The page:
Cairo Citadel

By the Editors of the Madain Project

The Citadel of Cairo or Citadel of Saladin (قلعة صلاح الدين‎) is a medieval Islamic-era fortification in Cairo, Egypt, built by Salah ad-Din (Saladin) and further developed by subsequent Egyptian rulers. It was the seat of government in Egypt and the residence of its rulers for nearly 700 years from the 13th to the 19th centuries.


In addition to the initial Ayyubid-era construction begun by Saladin in 1176, the Citadel underwent major development during the Mamluk Sultanate that followed, culminating with the construction projects of Sultan al-Nasir Muhammad in the 14th century. In the first half of the 19th century Muhammad Ali Pasha demolished many of the older buildings and built new palaces and monuments all across the site, giving it much of its present form.

circa 1250 BCE

In the 20th century it was used as a military garrison by the British occupation and then by the Egyptian army until being opened to the public in 1983. In 1976, it was proclaimed by UNESCO as a part of the World Heritage Site Historic Cairo (Islamic Cairo) which was "the new centre of the Islamic world, reaching its golden age in the 14th century". The Citadel was built on a promontory beneath the Muqattam Hills, a setting that made it difficult to attack. In general, the fortress complex is divided into two parts: the Northern Enclosure (which today contains the National Military Museum and other sites), and the Southern Enclosure (which today contains the Mosque of Muhammad Ali and other sites).

Notable Landmarks

circa 1250 BCE

Bab al-'Azab
The Bab al-'Azab, was built by Radwan Katkhuda al-Julfi in 1754, probably on the site of an earlier Mamluk gate known as Bab al-Istabl (Gate of the Stables). The gate was modeled on the old Fatimid gate of Bab al-Futuh (inspect) in the north of Cairo, but its interior facade was later remodeled into a neo-Gothic style (inspect) during the Khedival period.

circa 1250 BCE

Great Mosque of Muhammad Ali Pasha
The Great Mosque of Muhammad Ali Pasha or Alabaster Mosque (مسجد محمد علي) is a mosque situated in the Citadel of Cairo in Egypt and was commissioned by Muhammad Ali Pasha between 1830 and 1848. Situated on the summit of the citadel, this Ottoman mosque, the largest to be built in the first half of the 19th century, is, with its animated silhouette and twin minarets, the most visible mosque in Cairo.

circa 1250 BCE

Sultan al-Nasir Muhammad ibn Qalaun Mosque
The Sultan al-Nasir Muhammad ibn Qala'un Mosque is an early 14th-century mosque at the Citadel in Cairo, Egypt. It was built by the Mamluk sultan Al-Nasr Muhammad in 1318 as the royal mosque of the Citadel, where the sultans of Cairo performed their Friday prayers. The mosque is located across the street from the courtyard access to the Mosque of Muhammad Ali.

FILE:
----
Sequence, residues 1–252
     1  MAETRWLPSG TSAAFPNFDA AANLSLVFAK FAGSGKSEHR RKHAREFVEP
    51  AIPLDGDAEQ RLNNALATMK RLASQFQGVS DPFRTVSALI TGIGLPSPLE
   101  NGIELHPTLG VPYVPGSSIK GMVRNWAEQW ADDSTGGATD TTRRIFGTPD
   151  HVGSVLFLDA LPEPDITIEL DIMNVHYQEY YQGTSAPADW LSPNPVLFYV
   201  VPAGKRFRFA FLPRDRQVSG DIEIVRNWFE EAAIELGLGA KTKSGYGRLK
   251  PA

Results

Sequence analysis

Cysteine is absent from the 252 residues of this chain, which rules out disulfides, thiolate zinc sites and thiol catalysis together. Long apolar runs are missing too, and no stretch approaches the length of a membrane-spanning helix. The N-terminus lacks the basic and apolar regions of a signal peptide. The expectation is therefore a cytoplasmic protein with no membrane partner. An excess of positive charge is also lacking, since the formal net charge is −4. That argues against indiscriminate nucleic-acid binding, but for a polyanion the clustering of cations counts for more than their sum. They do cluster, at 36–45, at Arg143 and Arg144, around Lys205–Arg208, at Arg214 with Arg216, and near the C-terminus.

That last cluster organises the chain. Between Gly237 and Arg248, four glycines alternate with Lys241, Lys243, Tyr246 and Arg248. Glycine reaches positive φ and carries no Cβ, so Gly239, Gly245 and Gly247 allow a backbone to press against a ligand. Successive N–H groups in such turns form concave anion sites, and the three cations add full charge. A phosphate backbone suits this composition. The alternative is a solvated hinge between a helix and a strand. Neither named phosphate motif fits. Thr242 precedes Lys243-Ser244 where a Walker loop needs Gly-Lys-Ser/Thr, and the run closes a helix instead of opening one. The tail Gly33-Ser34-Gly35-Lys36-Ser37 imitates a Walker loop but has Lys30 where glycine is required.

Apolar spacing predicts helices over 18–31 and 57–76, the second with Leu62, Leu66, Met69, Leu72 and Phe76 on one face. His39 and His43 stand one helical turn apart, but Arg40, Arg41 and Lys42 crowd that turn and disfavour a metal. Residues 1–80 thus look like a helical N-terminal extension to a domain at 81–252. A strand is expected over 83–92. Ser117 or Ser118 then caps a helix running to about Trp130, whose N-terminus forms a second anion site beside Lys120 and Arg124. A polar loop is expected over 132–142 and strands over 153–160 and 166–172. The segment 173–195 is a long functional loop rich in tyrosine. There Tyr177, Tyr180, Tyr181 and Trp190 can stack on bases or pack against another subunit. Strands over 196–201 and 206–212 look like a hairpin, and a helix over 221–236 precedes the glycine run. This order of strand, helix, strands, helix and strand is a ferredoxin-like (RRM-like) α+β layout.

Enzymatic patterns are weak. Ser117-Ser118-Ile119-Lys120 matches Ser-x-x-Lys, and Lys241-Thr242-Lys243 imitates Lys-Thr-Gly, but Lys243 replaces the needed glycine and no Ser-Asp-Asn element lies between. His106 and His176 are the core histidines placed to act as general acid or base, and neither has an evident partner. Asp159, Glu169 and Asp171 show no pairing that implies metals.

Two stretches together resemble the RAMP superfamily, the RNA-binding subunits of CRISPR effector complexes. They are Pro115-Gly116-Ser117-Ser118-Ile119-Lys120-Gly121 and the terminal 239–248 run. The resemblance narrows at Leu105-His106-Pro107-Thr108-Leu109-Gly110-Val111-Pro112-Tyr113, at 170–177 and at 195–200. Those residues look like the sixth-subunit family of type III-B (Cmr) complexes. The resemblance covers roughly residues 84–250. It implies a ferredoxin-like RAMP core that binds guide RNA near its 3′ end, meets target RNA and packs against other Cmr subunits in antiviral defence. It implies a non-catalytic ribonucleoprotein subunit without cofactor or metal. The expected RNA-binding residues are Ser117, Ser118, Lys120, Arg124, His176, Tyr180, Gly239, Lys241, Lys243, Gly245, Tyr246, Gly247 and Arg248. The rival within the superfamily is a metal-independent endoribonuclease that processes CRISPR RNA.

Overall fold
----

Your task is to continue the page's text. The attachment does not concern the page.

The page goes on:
circa 1250 BCE

Iwan of Sultan al-Ashraf
Al-Nasir demolished, the smaller Iwan throne hall of his brother al-Ashraf in 1311, and replaced it with his own structure known as the Great Iwan (al-Iwan al-Kabir). This may have been out of a desire to make it appear even more prominent and monumental, as well as to perhaps accommodate larger ceremonies. Then he demolished it and rebuilt it yet again in 1333, and it is this incarnation of the Great Iwan which survived up until the 19th century (when it was destroyed during Muhammad Ali's constructions).

circa 1250 BCE

al-Gawhara Palace
Al-Gawhara Palace (قصر الجوهرة) also known as Bijou Palace, is a palace and museum in Cairo, Egypt. The palace is situated south of the Mosque of Muhammad Ali in the Cairo Citadel. It was commissioned by Muhammad Ali Pasha in 1814. The palace was designed and constructed by artisans contracted from a variety of countries, including Greeks, Turks, Bulgarians and Albanians.

circa 1250 BCE

Bab al-Qulla
Baybars (ruled 1260-1277) was the first one to split the Citadel into two areas by building the Bab al-Qulla, the gate and wall which today separates the Southern and Northern Enclosures of the Citadel. It was named after a keep which he built nearby and which was later torn down by Qalawun. The gate itself was rebuilt again by al-Nasir Muhammad in 1320.

circa 1250 BCE

Mosque of Sulayman Basha al-Khadim
Built in 1528 the mosque of Sulayman Basha al-Khadim (مسجد سليمان باشا الخادم), was first of the Citadel's Ottoman-style mosques and is one of the few structures in Cairo closely resembling the "classical" Ottoman style of the 16th century. It is located in the Northern Enclosure,, just northeast of the Harim Palace (Military Museum). It was built on the ruins of the earlier Mosque of Sidi Sariyya built by Abu-Mansur Qasta, an amir in the Fatimid era (predating the Citadel). Qasta's tomb, dated to 1140 CE, still exists in the mosque today.


See Also


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